Japan’s relations with the two Koreas have remained complicated and controversial, as recent anti-Japanese protests in South Korea demonstrate. This paper discusses the progress in bringing reconciliation between Japan and South Korea through an examination of four elements in the bilateral relationship: the historical legacies, the economic competition, the security imperatives (including the relationship with North Korea), and the flows of popular culture and people. It argues that the slowly improving bilateral Japan-South Korea relationship, to which growing economic interdependence, heightened interest in popular culture, and shared beliefs in peace and stability in North-east Asia all contribute, is nonetheless still subject to strong emotional surges and responses to perceived slights on both sides. The recent upsurge in tension, primarily over how Japan views its past, suggests that reconciliation will continue to be a slow and even contradictory process.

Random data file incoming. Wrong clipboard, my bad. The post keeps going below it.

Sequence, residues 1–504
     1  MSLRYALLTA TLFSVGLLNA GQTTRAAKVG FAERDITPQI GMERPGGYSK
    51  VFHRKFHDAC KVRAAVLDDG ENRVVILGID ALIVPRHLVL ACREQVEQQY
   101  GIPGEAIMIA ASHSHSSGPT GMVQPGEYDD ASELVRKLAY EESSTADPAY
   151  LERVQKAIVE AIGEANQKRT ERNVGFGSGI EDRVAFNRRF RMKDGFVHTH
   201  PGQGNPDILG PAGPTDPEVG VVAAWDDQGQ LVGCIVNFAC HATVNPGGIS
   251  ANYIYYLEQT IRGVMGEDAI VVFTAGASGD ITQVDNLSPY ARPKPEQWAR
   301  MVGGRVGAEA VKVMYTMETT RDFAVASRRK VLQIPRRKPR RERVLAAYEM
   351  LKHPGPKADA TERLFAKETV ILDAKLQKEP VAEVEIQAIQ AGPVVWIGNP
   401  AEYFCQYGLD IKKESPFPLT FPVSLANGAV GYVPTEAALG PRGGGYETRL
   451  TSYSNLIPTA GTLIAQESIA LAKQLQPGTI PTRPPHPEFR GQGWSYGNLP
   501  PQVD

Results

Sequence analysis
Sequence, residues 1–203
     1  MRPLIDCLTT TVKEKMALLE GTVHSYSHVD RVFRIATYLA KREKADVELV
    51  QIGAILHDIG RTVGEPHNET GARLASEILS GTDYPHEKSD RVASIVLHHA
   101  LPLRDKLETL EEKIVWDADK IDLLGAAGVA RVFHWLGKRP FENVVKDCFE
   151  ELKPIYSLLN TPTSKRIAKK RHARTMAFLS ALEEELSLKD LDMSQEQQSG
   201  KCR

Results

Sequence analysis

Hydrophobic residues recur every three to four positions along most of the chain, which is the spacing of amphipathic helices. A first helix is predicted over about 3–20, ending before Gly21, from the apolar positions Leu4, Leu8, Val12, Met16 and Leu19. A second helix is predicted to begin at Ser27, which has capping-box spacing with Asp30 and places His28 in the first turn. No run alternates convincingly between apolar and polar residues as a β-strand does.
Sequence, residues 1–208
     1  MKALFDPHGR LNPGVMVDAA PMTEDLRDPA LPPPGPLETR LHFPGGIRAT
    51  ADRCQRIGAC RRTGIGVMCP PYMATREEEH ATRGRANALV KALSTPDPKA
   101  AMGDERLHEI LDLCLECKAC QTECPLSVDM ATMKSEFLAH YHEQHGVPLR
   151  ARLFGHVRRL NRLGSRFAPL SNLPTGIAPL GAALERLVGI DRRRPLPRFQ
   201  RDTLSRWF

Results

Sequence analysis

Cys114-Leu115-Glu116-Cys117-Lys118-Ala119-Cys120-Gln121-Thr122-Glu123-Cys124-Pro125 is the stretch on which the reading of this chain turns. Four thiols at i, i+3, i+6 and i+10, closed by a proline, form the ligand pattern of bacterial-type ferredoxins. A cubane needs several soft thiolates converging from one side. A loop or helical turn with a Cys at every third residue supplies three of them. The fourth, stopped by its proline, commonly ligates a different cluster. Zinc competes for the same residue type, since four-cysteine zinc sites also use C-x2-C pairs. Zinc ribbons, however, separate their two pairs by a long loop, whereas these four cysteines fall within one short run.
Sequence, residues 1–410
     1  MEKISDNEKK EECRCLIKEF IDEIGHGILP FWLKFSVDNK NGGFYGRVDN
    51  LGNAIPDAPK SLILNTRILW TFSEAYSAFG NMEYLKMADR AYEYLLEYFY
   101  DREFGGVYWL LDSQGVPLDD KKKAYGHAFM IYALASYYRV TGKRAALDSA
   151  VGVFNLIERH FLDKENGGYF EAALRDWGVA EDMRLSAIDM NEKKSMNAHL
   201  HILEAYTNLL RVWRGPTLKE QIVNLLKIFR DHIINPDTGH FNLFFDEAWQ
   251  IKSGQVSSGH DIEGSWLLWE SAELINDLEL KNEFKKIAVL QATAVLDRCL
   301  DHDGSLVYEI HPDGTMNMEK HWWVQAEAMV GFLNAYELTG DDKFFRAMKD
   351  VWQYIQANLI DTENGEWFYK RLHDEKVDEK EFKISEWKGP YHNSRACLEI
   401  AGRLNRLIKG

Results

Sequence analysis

Bridges, B. (2005).Distant neighbours? : Japan-Korea relations revisited (CAPS Working Paper Series No.157). Retrieved from Lingnan University website: http://commons.ln.edu.hk/capswp/12